The Barry County Health Department Board of Trustees received an update on emergency planning regarding the H1N1 virus at its regularly scheduled meeting on Sept. 17.
Administrator Kathleen King reported that the health department will host two meetings on Oct. 8, which will target business professionals in Barry County. The meetings will be held at the Crowder College Cassville Center auditorium at 9 a.m. and the Monett Chamber of Commerce at 4 p.m.
Starchman asked King to distribute information about the meetings to local school districts, industries and businesses.
The health department will also host a meeting for local medical professionals at 11:30 a.m. on Oct. 8. This meeting will be designed for hospital and clinic employees, pharmacists, first responders and other medical personnel. It will be held at the Cassville Center auditorium.
A fourth informational meeting will be designed to educate long-term care facility employees. It will be held at the Monett Chamber of Commerce at 2 p.m.
According to King, when the vaccine is initially released in October, it will be earmarked for the following individuals: pregnant women; individuals who are between 6 months and 24 years of age; healthcare professionals; first responders; individuals with chronic diseases; and childcare providers.
"The vaccine is provided by the federal government," said King. "We will not have any cost to administer the vaccine except our staff time."
Although the health department will not charge a fee to administer the H1N1 immunization, it will be responsible for distributing the vaccine to private healthcare professionals who can charge patients an administrative fee.
King recommended the board consider scheduling immunization clinics to administer the H1N1 vaccine.
"We are a public health department," said John Starchman, board chairman. "I think we should make the vaccine available here on a walk-in basis."
Carol Landstad, health department public health program coordinator, pointed out that extra staff members will be needed to administer the vaccine to walk-in patients. Although private healthcare providers will be recruited to help administer the vaccine, Landstad said that she feels scheduled clinics will be the most effective way to distribute the vaccine.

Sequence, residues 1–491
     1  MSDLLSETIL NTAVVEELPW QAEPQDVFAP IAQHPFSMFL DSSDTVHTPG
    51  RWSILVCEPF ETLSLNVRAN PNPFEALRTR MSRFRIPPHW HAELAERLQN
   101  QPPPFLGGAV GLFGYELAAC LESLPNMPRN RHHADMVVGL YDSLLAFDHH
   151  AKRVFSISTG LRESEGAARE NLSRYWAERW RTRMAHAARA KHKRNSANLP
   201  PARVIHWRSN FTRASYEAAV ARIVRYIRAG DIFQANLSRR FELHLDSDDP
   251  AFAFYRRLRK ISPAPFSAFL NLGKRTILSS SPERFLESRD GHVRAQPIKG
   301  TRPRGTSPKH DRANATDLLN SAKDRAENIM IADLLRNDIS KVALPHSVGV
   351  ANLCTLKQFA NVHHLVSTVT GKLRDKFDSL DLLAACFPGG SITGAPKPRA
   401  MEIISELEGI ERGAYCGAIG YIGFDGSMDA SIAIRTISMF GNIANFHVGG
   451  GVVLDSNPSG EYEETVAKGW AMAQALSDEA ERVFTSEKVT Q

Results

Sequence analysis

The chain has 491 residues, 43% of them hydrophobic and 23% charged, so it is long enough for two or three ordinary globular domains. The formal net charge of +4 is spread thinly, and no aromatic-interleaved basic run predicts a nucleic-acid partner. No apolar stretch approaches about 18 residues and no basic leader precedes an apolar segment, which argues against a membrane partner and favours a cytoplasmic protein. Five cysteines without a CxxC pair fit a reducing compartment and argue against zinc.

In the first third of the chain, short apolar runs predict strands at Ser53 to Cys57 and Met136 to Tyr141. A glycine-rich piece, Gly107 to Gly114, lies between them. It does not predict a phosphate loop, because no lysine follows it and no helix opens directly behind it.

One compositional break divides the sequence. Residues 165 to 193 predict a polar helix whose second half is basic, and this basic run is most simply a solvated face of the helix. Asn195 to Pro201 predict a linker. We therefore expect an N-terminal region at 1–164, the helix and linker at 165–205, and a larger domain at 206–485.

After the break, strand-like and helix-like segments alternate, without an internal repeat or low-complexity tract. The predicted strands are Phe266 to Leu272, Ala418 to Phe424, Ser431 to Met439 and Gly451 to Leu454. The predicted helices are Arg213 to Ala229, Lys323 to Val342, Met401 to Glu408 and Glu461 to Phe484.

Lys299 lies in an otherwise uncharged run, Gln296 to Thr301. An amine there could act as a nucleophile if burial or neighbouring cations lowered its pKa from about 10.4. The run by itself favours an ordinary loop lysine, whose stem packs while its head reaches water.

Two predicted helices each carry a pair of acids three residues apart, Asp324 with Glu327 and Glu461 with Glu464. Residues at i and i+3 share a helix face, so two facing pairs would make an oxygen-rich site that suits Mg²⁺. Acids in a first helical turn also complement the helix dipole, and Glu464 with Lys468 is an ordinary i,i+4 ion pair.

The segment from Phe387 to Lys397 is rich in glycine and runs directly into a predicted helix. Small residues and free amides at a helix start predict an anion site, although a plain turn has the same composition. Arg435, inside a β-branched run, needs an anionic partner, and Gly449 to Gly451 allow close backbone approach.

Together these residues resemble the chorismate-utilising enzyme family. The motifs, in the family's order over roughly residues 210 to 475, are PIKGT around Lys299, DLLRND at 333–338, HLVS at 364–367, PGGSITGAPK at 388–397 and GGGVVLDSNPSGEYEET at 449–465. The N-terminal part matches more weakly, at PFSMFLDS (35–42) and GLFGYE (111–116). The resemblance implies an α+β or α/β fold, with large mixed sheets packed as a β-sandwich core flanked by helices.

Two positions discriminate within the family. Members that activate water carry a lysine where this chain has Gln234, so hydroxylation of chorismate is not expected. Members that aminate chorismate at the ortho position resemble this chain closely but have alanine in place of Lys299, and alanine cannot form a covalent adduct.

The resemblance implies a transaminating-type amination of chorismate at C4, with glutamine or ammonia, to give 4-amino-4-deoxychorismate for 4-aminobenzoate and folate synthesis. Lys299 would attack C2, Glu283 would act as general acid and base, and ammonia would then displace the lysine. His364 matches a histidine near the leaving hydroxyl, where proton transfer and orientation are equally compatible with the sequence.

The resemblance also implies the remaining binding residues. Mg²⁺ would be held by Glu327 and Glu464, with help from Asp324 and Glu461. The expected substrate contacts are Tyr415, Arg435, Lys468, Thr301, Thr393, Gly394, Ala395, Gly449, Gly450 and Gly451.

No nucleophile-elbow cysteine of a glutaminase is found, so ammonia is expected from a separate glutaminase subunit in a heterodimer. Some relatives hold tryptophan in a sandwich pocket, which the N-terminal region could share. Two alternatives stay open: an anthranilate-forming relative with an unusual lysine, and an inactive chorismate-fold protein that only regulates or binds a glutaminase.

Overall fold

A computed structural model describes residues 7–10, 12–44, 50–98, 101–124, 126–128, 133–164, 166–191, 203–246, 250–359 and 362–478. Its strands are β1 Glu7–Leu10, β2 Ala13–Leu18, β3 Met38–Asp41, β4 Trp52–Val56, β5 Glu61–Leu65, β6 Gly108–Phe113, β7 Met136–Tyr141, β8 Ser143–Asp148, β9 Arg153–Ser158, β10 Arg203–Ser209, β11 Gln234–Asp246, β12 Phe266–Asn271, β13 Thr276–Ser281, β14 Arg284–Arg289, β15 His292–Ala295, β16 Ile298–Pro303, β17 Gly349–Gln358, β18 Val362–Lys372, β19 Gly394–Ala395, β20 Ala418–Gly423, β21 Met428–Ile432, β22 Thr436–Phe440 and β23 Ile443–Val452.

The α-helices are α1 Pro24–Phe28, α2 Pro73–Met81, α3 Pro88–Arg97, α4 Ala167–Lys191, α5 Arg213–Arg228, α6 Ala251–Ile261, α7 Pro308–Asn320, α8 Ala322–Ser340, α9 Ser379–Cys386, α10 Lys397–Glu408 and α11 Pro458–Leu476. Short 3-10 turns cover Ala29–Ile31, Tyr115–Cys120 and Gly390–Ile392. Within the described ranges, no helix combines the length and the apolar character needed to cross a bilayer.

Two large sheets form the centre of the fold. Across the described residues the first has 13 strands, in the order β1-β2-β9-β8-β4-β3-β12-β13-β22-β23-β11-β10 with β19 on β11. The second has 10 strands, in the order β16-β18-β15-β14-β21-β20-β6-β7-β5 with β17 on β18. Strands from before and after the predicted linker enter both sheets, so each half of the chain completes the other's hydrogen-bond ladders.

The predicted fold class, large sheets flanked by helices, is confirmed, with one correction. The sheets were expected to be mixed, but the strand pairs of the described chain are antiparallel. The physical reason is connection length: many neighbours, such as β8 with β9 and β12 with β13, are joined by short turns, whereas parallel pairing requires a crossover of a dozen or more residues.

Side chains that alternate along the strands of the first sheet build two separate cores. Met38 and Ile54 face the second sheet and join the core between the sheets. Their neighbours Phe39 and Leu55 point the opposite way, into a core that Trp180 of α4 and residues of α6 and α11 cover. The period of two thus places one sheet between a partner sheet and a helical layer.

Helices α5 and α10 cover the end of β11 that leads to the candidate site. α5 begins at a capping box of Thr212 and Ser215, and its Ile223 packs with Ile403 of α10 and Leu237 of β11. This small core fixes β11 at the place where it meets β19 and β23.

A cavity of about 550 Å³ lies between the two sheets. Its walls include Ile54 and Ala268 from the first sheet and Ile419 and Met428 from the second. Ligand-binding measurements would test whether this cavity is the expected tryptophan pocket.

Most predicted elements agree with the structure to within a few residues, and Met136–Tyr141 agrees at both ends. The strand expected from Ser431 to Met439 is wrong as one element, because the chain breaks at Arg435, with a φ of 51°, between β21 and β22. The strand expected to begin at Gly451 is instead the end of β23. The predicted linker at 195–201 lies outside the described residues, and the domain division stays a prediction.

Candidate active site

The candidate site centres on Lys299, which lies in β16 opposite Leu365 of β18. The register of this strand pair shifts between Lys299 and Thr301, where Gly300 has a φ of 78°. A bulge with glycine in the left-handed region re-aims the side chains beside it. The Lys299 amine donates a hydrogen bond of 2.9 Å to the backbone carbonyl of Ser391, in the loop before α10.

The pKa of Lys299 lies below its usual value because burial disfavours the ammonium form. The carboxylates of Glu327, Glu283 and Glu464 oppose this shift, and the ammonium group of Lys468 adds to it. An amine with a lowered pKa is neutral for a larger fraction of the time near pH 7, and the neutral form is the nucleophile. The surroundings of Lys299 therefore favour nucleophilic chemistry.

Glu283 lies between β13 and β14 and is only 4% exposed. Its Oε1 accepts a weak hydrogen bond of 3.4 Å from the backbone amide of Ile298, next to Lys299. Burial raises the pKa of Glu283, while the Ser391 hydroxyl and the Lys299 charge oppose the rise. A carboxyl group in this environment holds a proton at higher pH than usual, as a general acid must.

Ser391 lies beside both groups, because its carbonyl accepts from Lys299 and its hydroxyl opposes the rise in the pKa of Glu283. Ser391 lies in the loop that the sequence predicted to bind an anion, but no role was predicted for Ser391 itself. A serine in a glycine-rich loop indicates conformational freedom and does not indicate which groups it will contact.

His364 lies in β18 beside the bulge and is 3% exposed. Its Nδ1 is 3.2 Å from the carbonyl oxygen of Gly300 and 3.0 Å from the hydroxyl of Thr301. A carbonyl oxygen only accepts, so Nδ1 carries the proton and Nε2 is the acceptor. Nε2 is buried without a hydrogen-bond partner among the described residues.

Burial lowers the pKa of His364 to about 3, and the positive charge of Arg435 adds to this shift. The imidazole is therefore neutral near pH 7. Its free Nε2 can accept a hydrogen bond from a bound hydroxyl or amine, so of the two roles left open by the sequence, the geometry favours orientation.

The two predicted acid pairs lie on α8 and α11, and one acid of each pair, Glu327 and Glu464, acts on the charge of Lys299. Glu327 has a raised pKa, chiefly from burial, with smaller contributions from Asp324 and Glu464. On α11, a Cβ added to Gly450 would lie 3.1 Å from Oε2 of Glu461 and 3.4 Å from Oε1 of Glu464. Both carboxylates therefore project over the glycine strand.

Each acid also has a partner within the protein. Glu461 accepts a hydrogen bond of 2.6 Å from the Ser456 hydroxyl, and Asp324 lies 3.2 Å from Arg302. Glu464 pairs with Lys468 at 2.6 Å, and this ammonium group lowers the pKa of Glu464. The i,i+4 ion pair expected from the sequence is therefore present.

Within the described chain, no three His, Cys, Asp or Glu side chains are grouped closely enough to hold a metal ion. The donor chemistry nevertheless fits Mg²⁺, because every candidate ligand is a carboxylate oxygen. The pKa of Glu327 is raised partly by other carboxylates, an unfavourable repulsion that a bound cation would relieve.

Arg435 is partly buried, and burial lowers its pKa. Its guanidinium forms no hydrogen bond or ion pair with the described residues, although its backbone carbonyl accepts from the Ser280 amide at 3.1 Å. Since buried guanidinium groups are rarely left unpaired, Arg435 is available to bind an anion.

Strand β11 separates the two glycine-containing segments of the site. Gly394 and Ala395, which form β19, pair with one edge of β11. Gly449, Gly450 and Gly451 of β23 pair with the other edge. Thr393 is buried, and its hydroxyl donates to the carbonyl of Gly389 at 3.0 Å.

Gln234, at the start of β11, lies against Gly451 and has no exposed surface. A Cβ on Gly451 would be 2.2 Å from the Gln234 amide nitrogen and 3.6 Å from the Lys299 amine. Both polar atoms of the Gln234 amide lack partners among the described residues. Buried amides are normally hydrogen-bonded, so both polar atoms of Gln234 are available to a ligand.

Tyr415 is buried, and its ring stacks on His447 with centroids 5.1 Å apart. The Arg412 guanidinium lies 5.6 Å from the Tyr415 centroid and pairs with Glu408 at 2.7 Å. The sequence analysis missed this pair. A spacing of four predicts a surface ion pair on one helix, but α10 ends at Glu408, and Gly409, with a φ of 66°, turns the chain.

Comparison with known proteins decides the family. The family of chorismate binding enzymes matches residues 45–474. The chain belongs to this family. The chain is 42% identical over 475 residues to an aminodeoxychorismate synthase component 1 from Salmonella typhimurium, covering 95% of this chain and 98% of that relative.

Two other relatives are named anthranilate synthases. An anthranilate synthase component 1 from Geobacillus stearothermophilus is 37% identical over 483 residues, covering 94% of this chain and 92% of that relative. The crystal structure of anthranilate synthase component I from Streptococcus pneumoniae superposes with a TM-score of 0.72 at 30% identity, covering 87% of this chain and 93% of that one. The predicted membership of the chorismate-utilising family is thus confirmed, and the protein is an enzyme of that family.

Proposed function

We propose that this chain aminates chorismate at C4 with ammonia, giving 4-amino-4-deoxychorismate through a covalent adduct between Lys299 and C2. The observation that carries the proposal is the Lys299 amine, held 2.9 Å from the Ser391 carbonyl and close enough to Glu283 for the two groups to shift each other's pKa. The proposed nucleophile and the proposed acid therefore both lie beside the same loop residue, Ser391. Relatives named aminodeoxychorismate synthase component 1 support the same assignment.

"If we limit vaccinations only to certain days, my fear is that we will be inundated with people who want it," said Starchman. "You also have to consider individuals who cannot attend the clinics but who would still like to receive the vaccine."
Board member Dennis Baker suggested the health department recommend individuals visit its offices on a certain day of the week to receive the H1N1 vaccine. Extra staff members will be available at the offices on that day to serve individuals seeking immunizations.
The board made no decision regarding which day of the week residents will be encouraged to visit the health department for the H1N1 vaccine.
The local health department will receive $118,372 to help educate community members about the H1N1 virus and administer the vaccine. King suggested the board use a portion of the funding to purchase a larger refrigeration unit to house the vaccine and a new network server to increase file security for immunization records.
In old business, Marlene Whitham, Kornerstone director, addressed the board concerning a request to utilize office space at the health department each week. The office space will be used by Lisa Miller, who oversees Kornerstone's Teen Moms Program.
"This would help with our transportation costs," said Whitham. "Around 92 percent of our teen moms live in the Cassville School District. The office space would be used for personal meetings with teens enrolled in the program."
Donated office space would need to provide privacy, a telephone and a desk with two or three chairs. Internet access would also be beneficial to Miller during her meetings, said Whitham.
After discussing the request, the board decided to allow Kornerstone to use its breastfeeding room one day a week. The board directed King to write an agreement for office space usage, which will be signed by Whitham and the board before Miller begins using the office space.
Baker asked King to include a statement in the agreement that specifies the health department is not responsible for the content of the counseling sessions and does not endorse or supervise the services. The agreement will also include a termination policy that allows either the health department or Kornerstone to terminate the agreement with a 30-day notice.
In other business, the Barry County Health Department Board of Trustees:
* Authorized King to sell an unused computer to a staff member for $25 plus costs associated with erasing the hard drive.
* Approved a request to hold the health department's annual holiday luncheon on Dec. 15.
* Reviewed the service fees, service count, environmental and Health Education Literacy Project reports.
* Heard that the Missouri Department of Health and Senior Services' core functions funding will be decreased 3.5 percent next year. The local health department's funding will decrease by around $1,975.